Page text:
TOM HOLLAND, Contours of Pauline Theology: A Radical New Survey of the Influence on Paul’s Biblical Writings (Ross-shire, Scotland: Mentor/Christian Focus, 2004). Pp. 382. £14.99.
In Contours of Pauline Theology, Tom Holland challenges head-on the frequent claims that Paul introduced significant new elements into Christian theology. Moreover he vigorously criticizes the assertion, made from time to time, that Paul is the founder of Christianity. The author concludes that Pauline theology (centered on ideas about the Passover) derives from the OT, on the one hand, and from the Jesus tradition, on the other.
Along the way Holland also argues for the reliability of the Gospels and for strong continuity between the teaching of Jesus and the OT. In a nutshell, this is the burden of the book.
Although not without merit, the book is deeply flawed at many points. Major complicated questions of interpretation and criticism are treated too simply, with the author frequently lapsing into the logical fallacy of excluded middle. For example, NT interpreters err, H. says, in appealing to the Dead Sea Scrolls and the Pseudepigrapha, because the theological perspectives of these writings are not the same as the perspectives of the NT authors. Of course, H. is not wrong in complaining that scholars sometimes uncritically synthesize disparate materials and create homogenized ideas that are not time reflections of reality. But appeals to literature such as the Scrolls and Pseudepigrapha have clarified in significant ways important NT teachings.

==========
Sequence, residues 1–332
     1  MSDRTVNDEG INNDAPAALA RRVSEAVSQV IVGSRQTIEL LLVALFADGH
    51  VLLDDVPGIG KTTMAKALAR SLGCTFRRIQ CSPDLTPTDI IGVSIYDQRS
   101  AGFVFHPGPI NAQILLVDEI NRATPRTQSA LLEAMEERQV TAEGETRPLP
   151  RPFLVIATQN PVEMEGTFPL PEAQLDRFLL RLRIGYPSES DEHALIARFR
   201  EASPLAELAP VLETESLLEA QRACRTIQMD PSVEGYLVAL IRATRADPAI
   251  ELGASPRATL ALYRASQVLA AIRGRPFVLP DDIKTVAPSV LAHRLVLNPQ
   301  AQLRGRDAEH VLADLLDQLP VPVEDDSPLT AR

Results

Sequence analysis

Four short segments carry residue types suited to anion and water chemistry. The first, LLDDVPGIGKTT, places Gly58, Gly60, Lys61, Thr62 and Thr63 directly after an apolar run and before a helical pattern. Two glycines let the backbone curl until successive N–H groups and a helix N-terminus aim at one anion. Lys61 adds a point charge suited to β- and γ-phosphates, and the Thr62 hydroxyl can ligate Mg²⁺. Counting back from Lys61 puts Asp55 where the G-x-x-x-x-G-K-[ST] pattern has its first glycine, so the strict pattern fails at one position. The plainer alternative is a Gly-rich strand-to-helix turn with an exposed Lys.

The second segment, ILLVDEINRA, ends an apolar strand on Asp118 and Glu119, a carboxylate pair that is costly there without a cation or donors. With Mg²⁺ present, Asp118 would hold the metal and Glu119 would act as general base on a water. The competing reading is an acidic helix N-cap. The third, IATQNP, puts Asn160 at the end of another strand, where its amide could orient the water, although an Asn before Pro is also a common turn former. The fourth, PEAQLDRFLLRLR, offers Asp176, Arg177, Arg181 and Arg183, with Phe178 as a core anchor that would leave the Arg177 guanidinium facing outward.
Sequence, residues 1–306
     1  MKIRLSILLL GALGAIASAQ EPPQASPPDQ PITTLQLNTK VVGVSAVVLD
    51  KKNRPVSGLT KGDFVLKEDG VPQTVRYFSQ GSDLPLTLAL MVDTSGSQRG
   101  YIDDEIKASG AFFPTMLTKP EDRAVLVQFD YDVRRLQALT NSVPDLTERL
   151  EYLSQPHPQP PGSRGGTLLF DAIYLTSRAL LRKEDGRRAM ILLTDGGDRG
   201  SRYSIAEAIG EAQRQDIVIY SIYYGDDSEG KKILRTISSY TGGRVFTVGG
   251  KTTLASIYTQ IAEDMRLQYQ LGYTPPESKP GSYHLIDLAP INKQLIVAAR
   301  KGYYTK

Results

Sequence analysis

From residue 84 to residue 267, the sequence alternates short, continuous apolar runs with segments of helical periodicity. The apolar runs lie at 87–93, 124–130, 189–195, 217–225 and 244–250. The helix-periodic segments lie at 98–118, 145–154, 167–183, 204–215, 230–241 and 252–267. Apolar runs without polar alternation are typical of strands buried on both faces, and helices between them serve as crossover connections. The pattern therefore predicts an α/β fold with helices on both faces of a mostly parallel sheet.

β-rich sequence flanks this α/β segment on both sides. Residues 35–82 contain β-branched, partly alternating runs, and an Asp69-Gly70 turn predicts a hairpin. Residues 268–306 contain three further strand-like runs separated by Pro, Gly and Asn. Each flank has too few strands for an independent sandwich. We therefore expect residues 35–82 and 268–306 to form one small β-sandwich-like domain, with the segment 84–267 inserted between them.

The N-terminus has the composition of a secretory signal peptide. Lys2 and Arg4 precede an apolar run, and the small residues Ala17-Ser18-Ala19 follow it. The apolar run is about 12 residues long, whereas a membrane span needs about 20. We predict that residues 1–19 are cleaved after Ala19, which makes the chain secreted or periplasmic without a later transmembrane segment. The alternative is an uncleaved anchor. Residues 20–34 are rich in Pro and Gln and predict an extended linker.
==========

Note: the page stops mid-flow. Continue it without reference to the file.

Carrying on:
Holland does acknowledge that some of these parallels are helpful, but their value is primarily apologetic. For example, the Scrolls demonstrate that the epithet “Son of God” was in circulation in Jewish Palestine, in reference to a Jewish (and probably messianic) redeemer. True enough, but parallels such as these many times play an important role in clarifying the meaning of passages, not just the authenticity of this or that tradition. In 4Q521, the allusions to words and phrases from Isaiah, in connection with the appearance of the Messiah, is surely relevant to Jesus’ reply to the imprisoned John, where Jesus alludes to similar prophetic vocabulary. The reference to “works of the law” in 4QMMT clarifies Paul’s discussion in Galatians 2-3 and Romans 4. Of course the perspectives of Jesus and the author of 4Q521 are not the same; they do not need to be, in order for one to clarify the other.
Holland’s talk of the problem of “the growing dependence on Intertestamental Literature as the key into the mindset of Judaism” and the need, instead, to “recognise the unquestionable influence of the Old Testament on the New Testament” (p. 288) is highly problematic and reflects the aforementioned fallacy of excluded middle. What he identifies as a “growing dependence” is the ongoing effort to flesh out and contextualize as much as possible the exegetical and theological discussions of late antiquity, out of which the writings of the NT emerged. Often it is this extracanonical literature that helps the interpreter understand how a given OT passage quoted by a NT writer was understood. Failure to take into account the parallels in the Scrolls, Pseudepigrapha, and other writings from late antiquity may well result in faulty interpretation and dubious theological inferences.
Despite these shortcomings, H.’s book does make a useful contribution to the discussion of the importance of the OT in the teaching of Jesus and Paul. I am also sympathetic with H.’s efforts to underscore the lines of continuity between Jesus and Paul—lines that I think are sometimes obfuscated in current scholarship.
Most critical readers will disagree with much that H. says, not least with his assumptions, methods, and sweeping generalizations. But H.’s book deserves attention, and his arguments, even if strained, are worth consideration.
Craig A. Evans, Acadia Divinity College, Wolfville, NS B4P 2R6, Canada